Jun 30, 2015Using proper herbicide formulations to prevent damage
In many cases, the grower themselves did not apply herbicides that caused damage to their crops; a neighboring farmer did. It is important to remember that you are responsible for drift, and legal measures can be taken if you are careless with your herbicide application. The most important thing to consider when applying an herbicide is weather conditions. Don’t spray when temperatures are high, when winds will carry herbicide vapor elsewhere, or when a temperature inversion exists. Another way to minimize herbicide drift is by selecting the proper formulation of a particular herbicide.
Have you ever taken a close look at the active ingredients listed on the herbicide label that you use? Products may contain 2, 4,-D, dicamba, triclopyr, or MCPA, and are formulated in two ways; amines or esters. While not all of these products are used in vegetable production, they may be used for other crops, including field crops, lawns, and/or athletic fields. For most growers, non-vegetable crops surround vegetable fields. Knowing the differences of herbicide formulations and when to use them can increase your weed control dramatically. Using the right formulation can also prevent damage to non-target plants and vegetables as well.
For the sake of conversation, 2, 4-D will be used as an example. 2, 4-D has been a staple of weed control since the 1940s, and continues to be a primary ingredient in a majority of multiple-ingredient herbicide products. 2, 4-D controls a large number of perennial weeds, but usually has little effect on grasses. However, 2, 4-D can injure non-target species (including vegetables) if used incorrectly. Many broadleaf plants including tomatoes, grapes, flowers, and some trees are sensitive to 2, 4-D. While not intended, herbicidal drift occurs on a regular basis. In most cases, drift is a result of 2, 4-D’s volatility; when it vaporizes and moves to a non-target area. This can (and does) occur with several other commonly used herbicides.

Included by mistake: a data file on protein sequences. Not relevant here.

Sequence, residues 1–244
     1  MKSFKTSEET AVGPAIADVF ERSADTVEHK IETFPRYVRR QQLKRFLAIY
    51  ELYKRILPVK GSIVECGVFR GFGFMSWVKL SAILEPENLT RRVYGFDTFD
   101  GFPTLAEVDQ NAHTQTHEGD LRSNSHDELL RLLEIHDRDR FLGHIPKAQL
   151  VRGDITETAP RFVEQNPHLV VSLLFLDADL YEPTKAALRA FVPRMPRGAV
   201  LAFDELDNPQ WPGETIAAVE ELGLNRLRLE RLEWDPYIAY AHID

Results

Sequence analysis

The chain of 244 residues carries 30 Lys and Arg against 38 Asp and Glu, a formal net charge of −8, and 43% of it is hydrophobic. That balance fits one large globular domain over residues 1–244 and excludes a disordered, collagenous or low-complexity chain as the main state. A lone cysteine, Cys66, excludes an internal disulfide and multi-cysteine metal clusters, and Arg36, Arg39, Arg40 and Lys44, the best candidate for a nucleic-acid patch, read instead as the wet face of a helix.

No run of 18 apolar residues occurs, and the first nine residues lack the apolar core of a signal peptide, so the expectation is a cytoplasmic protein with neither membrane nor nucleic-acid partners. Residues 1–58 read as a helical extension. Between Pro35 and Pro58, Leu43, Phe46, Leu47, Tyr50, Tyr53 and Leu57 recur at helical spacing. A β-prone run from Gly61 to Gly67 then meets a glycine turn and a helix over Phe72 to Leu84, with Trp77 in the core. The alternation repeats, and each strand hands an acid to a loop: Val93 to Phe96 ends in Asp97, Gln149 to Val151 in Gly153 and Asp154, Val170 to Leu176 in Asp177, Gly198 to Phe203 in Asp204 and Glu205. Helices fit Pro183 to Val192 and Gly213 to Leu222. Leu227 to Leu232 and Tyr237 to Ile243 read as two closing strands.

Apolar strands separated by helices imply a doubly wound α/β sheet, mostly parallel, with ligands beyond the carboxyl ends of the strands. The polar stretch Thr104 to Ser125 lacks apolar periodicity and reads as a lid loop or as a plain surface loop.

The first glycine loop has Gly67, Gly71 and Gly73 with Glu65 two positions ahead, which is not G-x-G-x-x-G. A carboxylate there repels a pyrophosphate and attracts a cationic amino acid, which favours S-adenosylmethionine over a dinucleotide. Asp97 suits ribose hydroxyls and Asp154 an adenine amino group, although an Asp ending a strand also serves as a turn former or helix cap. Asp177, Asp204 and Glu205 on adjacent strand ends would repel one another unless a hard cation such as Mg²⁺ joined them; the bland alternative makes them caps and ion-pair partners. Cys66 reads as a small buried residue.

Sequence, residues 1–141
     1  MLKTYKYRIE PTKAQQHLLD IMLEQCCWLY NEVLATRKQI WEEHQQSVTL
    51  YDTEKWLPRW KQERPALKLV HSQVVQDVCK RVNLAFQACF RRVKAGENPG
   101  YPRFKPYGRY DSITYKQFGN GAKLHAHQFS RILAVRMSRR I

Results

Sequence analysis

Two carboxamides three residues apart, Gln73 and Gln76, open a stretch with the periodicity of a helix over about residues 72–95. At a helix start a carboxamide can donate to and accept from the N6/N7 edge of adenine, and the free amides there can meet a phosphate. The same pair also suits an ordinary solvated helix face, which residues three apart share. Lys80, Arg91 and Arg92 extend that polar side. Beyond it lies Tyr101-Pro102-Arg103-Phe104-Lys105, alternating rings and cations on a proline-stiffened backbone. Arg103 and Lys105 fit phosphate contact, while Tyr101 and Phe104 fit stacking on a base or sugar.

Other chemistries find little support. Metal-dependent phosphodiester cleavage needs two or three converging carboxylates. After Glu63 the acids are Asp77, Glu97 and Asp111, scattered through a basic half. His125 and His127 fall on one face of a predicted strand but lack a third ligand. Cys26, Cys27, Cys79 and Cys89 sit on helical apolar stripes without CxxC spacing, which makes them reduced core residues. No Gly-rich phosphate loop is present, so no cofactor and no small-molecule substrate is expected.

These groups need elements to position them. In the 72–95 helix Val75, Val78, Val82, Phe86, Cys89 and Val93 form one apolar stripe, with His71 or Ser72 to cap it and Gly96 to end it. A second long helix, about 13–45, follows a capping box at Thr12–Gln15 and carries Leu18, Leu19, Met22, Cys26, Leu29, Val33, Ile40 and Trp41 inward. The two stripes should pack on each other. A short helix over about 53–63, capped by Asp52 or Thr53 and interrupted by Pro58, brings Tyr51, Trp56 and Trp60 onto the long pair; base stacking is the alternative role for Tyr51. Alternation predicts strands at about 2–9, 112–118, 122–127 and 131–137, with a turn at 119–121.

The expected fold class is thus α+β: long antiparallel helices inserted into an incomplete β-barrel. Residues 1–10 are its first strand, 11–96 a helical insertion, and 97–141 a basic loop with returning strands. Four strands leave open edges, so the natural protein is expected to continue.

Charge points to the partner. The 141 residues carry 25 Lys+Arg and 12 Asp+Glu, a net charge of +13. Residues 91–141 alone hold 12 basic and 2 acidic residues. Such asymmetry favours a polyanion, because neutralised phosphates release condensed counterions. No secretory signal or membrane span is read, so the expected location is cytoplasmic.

2, 4-D and other herbicides are commonly formulated as either an amine salt or ester. Esters have higher vapor pressures than amines. Higher vapor pressures result in increased volatilization. Even though there are some “low volatile” esters available, amine salts are generally less volatile than esters. Amine formulations are typically used in landscape settings and scenarios when drift is a primary concern.
The question is then posed “Do esters or amines provide better weed control?” The answer to this question is not cut-and-dry. Ester formulations are typically more active on weeds in comparison to amines. This is due to the fact that esters are more soluble when in contact with the plant’s waxy cuticle. Plants are more likely to quickly absorb esters, as amines are more water soluble. Once the chemical is absorbed into the plant (either amine or ester), it is converted to the active acid, which in turn injures or kills plants that are susceptible to the respective herbicide.
As we all know, correct timing is crucial for acceptable weed control. This also comes into play when deciding what formulation to use; ester or amine. During cooler weather (March, April, and early May), ester formulations can be used safely, and typically provide better weed control than amines. As temperatures increase, esters are more prone to volatilization, and a switch should be made to amine formulations if drift is a concern. In warmer temperatures, amines and esters have about the same effect on weed control. Some esters are also “hot”, and can injure grasses when temperatures are too warm. Most herbicide labels list a temperature range in which they should be used, so be sure to follow these recommendations.
In conclusion, it is clear that both amines and esters have their place in weed control programs. Depending on the time of year, location, weed pressure, and application technique, you can safely use different formulations of an herbicide to achieve acceptable weed control. Consider using ester formulations in the early spring, for hard-to-control weeds, or for spot spraying small areas. When blanket spraying large areas, think about nearby vegetable growers, gardens, landscape plantings, trees, and temperatures before making any decisions.
As with any herbicide application, wind speed and direction should also be monitored. No herbicide should be applied when wind can move an herbicide to non-target plants. Always read product labels, and adhere to manufacturer recommendations.
Remember, you are responsible for your chemical applications, so apply them wisely.
— By Tanner Delvalle, Penn State Extension Educator